names


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Related to names: Meaning of names

name

 (nām)
n.
1.
a. A word or words by which an entity is designated and distinguished from others.
b. A word or group of words used to describe or evaluate, often disparagingly: Don't call me names.
2. Representation or repute, as opposed to reality: a democracy in name, a police state in fact.
3.
a. A reputation: has a bad name.
b. A distinguished reputation: made a name for himself as a drummer.
4. An illustrious or outstanding person: joined several famous names for a photograph. See Synonyms at celebrity.
tr.v. named, nam·ing, names
1. To give a name to: named the child after both grandparents.
2. To mention, specify, or cite by name: named the primary colors.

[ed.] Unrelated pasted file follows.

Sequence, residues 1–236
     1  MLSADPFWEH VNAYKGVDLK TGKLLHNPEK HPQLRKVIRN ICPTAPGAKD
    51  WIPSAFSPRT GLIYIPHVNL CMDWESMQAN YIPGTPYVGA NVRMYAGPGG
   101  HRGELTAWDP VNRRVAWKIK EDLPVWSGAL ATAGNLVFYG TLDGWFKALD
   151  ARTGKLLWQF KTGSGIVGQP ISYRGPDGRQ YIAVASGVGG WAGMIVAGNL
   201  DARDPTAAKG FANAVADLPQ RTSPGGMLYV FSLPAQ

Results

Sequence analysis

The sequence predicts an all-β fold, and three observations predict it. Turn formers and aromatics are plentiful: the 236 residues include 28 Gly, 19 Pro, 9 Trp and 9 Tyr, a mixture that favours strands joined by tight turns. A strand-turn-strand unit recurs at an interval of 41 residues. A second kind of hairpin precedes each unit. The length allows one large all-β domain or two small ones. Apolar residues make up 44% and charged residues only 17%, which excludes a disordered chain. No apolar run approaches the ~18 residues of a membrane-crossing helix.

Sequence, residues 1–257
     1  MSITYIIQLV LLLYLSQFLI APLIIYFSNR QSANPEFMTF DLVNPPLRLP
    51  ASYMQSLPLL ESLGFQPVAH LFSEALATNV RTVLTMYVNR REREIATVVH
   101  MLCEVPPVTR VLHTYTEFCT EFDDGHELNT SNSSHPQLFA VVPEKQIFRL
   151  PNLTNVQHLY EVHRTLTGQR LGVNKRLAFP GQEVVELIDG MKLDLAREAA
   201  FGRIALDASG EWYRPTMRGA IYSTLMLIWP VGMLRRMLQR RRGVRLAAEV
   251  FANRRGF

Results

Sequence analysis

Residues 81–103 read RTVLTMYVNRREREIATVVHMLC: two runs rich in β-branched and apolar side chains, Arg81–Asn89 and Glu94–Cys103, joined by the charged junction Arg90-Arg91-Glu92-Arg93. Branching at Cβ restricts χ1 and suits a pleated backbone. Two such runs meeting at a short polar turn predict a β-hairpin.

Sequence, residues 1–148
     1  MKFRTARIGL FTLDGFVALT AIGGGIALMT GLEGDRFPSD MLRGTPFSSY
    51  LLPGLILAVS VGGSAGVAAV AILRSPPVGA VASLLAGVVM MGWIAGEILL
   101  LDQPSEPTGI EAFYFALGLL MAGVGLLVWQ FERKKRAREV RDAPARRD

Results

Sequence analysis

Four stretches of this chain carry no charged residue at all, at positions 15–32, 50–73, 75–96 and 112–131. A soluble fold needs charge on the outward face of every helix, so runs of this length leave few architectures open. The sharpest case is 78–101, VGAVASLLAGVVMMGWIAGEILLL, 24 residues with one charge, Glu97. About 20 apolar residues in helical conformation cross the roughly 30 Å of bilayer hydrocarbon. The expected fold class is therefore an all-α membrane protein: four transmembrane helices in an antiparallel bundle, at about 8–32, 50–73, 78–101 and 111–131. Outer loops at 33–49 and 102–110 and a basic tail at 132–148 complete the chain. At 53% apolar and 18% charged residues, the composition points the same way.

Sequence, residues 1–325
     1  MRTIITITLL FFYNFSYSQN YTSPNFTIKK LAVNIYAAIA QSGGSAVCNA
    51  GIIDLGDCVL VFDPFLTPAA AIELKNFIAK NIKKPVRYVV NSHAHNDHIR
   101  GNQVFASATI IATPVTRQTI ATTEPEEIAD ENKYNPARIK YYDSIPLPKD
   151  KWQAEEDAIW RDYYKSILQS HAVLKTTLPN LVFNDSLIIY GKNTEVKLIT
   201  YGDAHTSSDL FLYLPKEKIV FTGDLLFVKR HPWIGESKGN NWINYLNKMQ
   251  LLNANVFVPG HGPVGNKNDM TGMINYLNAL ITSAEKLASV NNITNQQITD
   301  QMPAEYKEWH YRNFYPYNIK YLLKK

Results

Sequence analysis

3. To call by an epithet: named them all cowards.
4. To nominate for or appoint to a duty, office, or honor. See Synonyms at appoint.
5. To specify or fix: We need to name the time for our meeting.
adj. Informal
Well-known by a name: a name performer.
Idioms:
in the name of
1. By the authority of: Open up in the name of the law!
2. For the reason of; using as a reason: grisly experiments performed in the name of science.
to (one's) name
Belonging to one: I don't have a hat to my name.

[Middle English, from Old English nama; see nō̆-men- in Indo-European roots.]

nam′a·ble, name′a·ble adj.
nam′er n.

Names